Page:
As promised, some details of the fabrics hung in my wee workspace. Mom is horrified I'm posting pics of the room in "that" state!
Re the last fabric, I said black dots and lines, but I stand corrected; they are all dots! The yellow and black in the last pic is inaccurate; the yellow is lighter and both colors are much more saturated, giving the fabric a more severe, graphic-art-like look.

My sister came yesterday and didn't have to rush off as she does often. The three of us laughed until I fell off the chair, but she still got one big task associated with the business end of a Japanese funeral done, and gave Mom some invaluable advice. Her father-in-law passed away last August, so she's one step ahead of us and has given us great insights/foresights throughout the whole process saving us so much trouble and loss of time and energy. And money. And she went back to her ceramics class this month.

A cousin I haven't seen for over... 40 years is coming this afternoon, and this should be another nostalgic day.

All this has been great, but I'm feeling severely frustrated, mostly with myself, for not getting any work done. Mom is finishing her piece as I type, but we have to rearrange the workspaces and she has yet another set of guests tomorrow, so it may be tomorrow night before I can get going. Grrrr... I'm so frustrated I haven't slept well! At least now that I have a realistic schedule I hope I can move on with fine-tuning some drafts and finalizing the first two wefts. Fingers, toes, and eyes crossed!



I can share Mom's weaving space or the big tatami-mat room, but this tiny room is mine exclusively for the duration of my stay, (except for the big wardrobe and some of Mom's yarns and fabrics that live here permanently,) and this is where I contemplate in the mornings. In the afternoons it gets so hot I have to go downstairs, and this has been a cool week! When mom vacates a loom, though, I'll have to think of ways to survive the heat and weave.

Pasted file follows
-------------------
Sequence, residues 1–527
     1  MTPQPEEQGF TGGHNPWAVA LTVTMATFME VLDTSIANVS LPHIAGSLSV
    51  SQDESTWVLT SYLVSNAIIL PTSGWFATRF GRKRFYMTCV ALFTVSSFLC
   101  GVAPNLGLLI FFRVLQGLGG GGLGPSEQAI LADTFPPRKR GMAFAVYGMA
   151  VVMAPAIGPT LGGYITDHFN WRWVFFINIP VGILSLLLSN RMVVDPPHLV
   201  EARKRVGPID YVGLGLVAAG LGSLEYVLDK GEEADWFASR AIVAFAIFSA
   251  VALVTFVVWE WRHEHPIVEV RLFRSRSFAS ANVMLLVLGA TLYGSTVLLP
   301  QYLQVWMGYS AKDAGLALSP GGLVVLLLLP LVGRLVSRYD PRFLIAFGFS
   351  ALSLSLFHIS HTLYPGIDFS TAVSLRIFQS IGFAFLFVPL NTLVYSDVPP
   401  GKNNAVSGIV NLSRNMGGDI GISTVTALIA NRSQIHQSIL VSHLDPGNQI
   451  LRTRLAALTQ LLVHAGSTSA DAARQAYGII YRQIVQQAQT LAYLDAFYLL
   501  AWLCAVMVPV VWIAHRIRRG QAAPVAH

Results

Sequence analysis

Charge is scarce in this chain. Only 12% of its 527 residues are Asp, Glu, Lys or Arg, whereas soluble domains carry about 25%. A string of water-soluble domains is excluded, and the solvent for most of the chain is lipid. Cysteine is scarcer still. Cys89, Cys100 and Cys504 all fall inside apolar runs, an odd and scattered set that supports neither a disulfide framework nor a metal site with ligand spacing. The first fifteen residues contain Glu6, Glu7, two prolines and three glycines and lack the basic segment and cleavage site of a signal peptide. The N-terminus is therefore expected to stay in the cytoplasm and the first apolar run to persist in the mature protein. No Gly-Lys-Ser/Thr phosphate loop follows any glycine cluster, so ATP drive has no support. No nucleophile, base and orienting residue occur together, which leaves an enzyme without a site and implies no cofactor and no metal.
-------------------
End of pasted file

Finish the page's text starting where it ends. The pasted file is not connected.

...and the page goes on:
Ben and I happened upon a small fair of Nagano Pref products and before we knew it, before I was aware of what I was doing, I was feeling some hand-dyed silks. These threads were the last lot from a weaver before she passed away, apparently, and apparently I got a good deal from the weaver's friend who was at the fair. 
From right, the pink/red/yellow/green fabric is a silk swatch, one of many Mom bought at Lahariya, India, some years ago. We love the liveliness of it, and I'm wondering if I can produce the mood with Mom's cashmeres. Of course cashmere doesn't have the sheen, but one can only hope.

The white-ish cloth is a cover Mom insists on putting over the silks and the cashmere warps. I don't like the idea because if they are going to fade, I'd like them to fade while in my hands so I know what I'm working with before I sell the finished pieces, but Mom has different ideas.

The somewhat shocking-looking cotton fabric is a hand-dyed piece I am thinking of turning into a sun dress. It has amazing details and such a cheerful, summery look.  
The gray hoodie and blue-yellow linen shirt are some of my new acquisition for the summer, but also a color combo I'm keen on for a commission piece.

The yellow and blue sheer-suckers are also sun dress candidates; the yellow piece has black dots and lines giving a graphic-design-like look; the blue one is a cheerful floral.   
And here's my wee office, with a couple of weaving books, my trusty cashmere samples folder, some yarns and equipment Ben brought over for me, art supplies, etc. The equipment in the middle with a red "veil" is a Japanese spinning wheel. (Mom likes to cover things with fabric, of which she has lots.) The white box at lower left is my temporary fabric box, and it's chock full. The big white box covered in embroidered fabric in the foreground is Mom's big fabric case. Above the bunting I made during my last visit is something I have in all my work space, a picture of my Dad, who always encouraged me in my endeavors.